Reduce Reuse Recycle (and Replace with More Sustainable Options)

Posted by on Feb 2, 2022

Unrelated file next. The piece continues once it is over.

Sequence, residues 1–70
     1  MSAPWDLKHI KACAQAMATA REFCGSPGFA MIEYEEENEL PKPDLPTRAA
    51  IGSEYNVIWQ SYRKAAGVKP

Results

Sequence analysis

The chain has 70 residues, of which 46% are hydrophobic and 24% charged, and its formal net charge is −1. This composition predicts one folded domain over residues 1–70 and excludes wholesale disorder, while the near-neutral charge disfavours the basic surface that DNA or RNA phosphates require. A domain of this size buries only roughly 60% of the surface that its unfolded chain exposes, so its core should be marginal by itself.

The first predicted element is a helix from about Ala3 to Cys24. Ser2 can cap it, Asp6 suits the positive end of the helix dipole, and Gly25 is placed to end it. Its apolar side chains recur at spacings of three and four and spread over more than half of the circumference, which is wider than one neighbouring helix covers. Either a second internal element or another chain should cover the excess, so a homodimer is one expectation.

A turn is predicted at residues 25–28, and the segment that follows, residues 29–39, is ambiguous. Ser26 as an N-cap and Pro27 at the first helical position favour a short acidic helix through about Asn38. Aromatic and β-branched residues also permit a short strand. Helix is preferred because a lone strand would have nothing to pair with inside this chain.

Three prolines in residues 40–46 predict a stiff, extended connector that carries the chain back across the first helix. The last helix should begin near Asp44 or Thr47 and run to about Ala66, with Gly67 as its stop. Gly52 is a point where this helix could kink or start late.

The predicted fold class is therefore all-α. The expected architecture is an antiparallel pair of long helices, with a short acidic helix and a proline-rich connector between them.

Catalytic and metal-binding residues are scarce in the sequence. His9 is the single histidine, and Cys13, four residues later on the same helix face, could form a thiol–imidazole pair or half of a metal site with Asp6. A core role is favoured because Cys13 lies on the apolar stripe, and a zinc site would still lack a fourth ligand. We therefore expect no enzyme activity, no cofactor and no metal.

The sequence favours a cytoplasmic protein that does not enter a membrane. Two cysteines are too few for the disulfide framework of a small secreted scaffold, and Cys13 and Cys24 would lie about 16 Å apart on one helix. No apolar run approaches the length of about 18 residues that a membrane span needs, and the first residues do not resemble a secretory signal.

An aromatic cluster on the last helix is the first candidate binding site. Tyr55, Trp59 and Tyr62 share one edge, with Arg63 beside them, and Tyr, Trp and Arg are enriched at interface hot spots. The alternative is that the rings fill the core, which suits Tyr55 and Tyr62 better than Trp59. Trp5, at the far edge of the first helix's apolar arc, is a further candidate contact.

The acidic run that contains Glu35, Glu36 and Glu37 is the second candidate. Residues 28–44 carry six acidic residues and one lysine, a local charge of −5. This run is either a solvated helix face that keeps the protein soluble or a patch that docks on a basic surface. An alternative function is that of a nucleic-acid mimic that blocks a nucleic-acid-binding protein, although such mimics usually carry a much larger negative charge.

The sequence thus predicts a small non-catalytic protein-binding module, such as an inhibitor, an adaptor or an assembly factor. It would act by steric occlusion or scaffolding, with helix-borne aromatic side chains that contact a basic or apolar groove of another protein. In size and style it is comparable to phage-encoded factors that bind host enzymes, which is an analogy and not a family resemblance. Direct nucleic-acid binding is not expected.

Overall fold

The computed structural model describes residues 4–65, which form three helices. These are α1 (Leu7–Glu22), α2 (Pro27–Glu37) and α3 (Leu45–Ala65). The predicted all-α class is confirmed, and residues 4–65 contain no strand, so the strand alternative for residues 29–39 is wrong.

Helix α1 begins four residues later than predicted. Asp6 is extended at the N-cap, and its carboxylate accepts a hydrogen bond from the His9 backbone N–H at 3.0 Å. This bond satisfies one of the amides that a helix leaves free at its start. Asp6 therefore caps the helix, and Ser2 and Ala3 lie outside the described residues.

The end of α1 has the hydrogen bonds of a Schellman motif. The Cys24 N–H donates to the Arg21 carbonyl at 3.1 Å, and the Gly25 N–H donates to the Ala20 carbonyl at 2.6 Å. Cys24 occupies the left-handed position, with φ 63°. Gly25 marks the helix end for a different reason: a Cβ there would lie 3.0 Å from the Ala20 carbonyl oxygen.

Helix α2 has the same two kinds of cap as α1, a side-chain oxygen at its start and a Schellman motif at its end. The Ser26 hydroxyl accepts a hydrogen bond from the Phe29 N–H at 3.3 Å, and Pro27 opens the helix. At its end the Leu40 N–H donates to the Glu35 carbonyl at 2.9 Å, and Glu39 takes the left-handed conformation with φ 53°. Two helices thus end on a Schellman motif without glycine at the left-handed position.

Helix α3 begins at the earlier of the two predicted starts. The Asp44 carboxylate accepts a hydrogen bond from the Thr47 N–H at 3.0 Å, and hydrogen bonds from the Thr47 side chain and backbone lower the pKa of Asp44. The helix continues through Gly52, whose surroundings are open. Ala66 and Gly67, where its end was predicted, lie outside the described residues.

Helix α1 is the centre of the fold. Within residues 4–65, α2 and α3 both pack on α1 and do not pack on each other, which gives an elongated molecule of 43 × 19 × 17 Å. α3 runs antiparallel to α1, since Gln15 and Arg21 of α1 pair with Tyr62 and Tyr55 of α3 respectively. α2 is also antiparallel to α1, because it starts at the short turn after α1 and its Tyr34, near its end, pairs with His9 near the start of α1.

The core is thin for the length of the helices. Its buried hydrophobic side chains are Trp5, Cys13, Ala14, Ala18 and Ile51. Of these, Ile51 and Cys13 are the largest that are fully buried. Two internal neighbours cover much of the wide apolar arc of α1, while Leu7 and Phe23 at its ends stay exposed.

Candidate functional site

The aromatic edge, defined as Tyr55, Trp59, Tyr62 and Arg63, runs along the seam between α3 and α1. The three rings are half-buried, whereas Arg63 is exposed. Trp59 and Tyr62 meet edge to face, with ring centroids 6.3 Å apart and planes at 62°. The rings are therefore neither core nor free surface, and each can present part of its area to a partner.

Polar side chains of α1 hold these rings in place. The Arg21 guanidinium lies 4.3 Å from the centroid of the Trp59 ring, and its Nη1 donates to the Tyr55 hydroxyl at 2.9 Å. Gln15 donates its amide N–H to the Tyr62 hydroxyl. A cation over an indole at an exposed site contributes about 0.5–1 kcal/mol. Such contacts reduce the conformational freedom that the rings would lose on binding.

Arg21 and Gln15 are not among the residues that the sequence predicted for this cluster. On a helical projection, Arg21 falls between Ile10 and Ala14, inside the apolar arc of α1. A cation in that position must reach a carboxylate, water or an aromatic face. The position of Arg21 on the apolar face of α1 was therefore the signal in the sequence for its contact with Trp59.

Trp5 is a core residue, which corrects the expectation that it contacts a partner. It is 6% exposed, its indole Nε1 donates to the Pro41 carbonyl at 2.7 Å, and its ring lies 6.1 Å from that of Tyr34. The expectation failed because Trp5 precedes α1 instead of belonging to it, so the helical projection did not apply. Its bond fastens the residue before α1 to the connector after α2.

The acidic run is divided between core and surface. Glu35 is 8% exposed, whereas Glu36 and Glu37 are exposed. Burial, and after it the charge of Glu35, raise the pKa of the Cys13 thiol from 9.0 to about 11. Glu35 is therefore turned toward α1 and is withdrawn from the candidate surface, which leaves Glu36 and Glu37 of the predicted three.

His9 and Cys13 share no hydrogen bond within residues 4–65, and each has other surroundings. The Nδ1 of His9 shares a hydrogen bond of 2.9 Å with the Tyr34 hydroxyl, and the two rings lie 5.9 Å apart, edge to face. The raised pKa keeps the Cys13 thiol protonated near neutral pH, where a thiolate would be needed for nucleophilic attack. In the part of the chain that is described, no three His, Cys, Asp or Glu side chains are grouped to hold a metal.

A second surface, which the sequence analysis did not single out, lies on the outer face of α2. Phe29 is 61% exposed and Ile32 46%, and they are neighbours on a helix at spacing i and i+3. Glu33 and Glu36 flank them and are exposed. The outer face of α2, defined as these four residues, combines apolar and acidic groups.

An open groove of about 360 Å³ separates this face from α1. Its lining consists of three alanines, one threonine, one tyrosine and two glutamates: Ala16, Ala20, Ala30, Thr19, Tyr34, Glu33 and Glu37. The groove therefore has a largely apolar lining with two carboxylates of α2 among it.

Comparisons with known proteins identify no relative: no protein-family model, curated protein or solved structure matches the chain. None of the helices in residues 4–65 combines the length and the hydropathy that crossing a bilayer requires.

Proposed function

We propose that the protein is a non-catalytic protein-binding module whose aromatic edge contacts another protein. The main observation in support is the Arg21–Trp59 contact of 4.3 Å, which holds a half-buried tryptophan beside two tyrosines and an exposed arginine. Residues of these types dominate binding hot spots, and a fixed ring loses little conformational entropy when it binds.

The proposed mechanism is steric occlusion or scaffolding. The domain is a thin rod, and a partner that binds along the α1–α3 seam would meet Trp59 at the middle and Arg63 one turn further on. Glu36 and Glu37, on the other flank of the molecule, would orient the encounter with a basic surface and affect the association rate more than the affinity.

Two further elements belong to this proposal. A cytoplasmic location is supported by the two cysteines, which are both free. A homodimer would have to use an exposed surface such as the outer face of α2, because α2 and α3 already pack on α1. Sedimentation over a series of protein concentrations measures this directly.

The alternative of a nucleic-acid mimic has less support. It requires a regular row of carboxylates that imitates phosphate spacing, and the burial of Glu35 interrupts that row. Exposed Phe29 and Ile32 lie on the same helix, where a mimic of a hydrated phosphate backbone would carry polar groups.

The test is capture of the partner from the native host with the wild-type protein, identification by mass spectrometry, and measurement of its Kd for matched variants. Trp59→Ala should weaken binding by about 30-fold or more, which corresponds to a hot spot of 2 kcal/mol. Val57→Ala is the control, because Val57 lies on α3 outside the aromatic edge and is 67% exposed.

Reduce Reuse Recycle (and Replace with More Sustainable Options) Dr. Sarah Tindall The whole concept of reduce, reuse, recycle is something that most people have heard of, but many do not actively engage in. And although it is a good model with a catchy phrase, there’s a fundamental problem: it doesn’t address the issue at its source: if the “stuff” we have like packaging, products, toys, clothes, etc. were made in a more sustainable way of materials that didn’t damage our health and pollute the planet, then it wouldn’t matter so much if it were everywhere. Although a wide range of materials and finished products represent a threat to human, animal and environmental health, one of the main offenders is plastic. It has been widely established that plastic has detrimental impacts on the environment as well as health. We’ve all seen devastating images of animals who have ingested tons of plastic, but did you know there are human health impacts as well? Plastics and their additives have been associated with disrupting hormones, fertility issues, hormone related cancers, neurodevelopmental disorders and more. More ominous yet are when plastics become miniscule and then are referred to as microplastics. Although it was widely known that the ocean is overflowing with plastics, it has now become abundantly clear that so are other waterways, our air, soil – basically everything. Studies have found that even in areas of the world that appear pristine microplastics are present. While all of that may seem rather dire (and it is) there is good news. There are so many companies and individuals who are striving to come up with easy ways to swap out plastic items or items with plastic packaging with a sustainable choice. If you desire to make some changes in the sustainability department of your life, here are some ways you can reduce your plastic: 1. Always pack a reusable bag (or several). Consider having some in your car so that you can always bring them to the store with you. There are even some that fold up tiny and can attach to your keychain so that you have one. If you forget a bag, opt for paper instead of plastic. 2. Consider swapping out your shampoo and conditioner for shampoo and conditioner bars. Yes, you did read that correctly – rather than buying bottles upon bottles of plastic shampoo and conditioner, you could opt for a plastic-free bar. HiBAR is one option, but there are many more. Another option might be to explore your local food co-ops or bulk stores – many of them have a body care section where you can bring your own bottles and fill them up with their bulk shampoo,...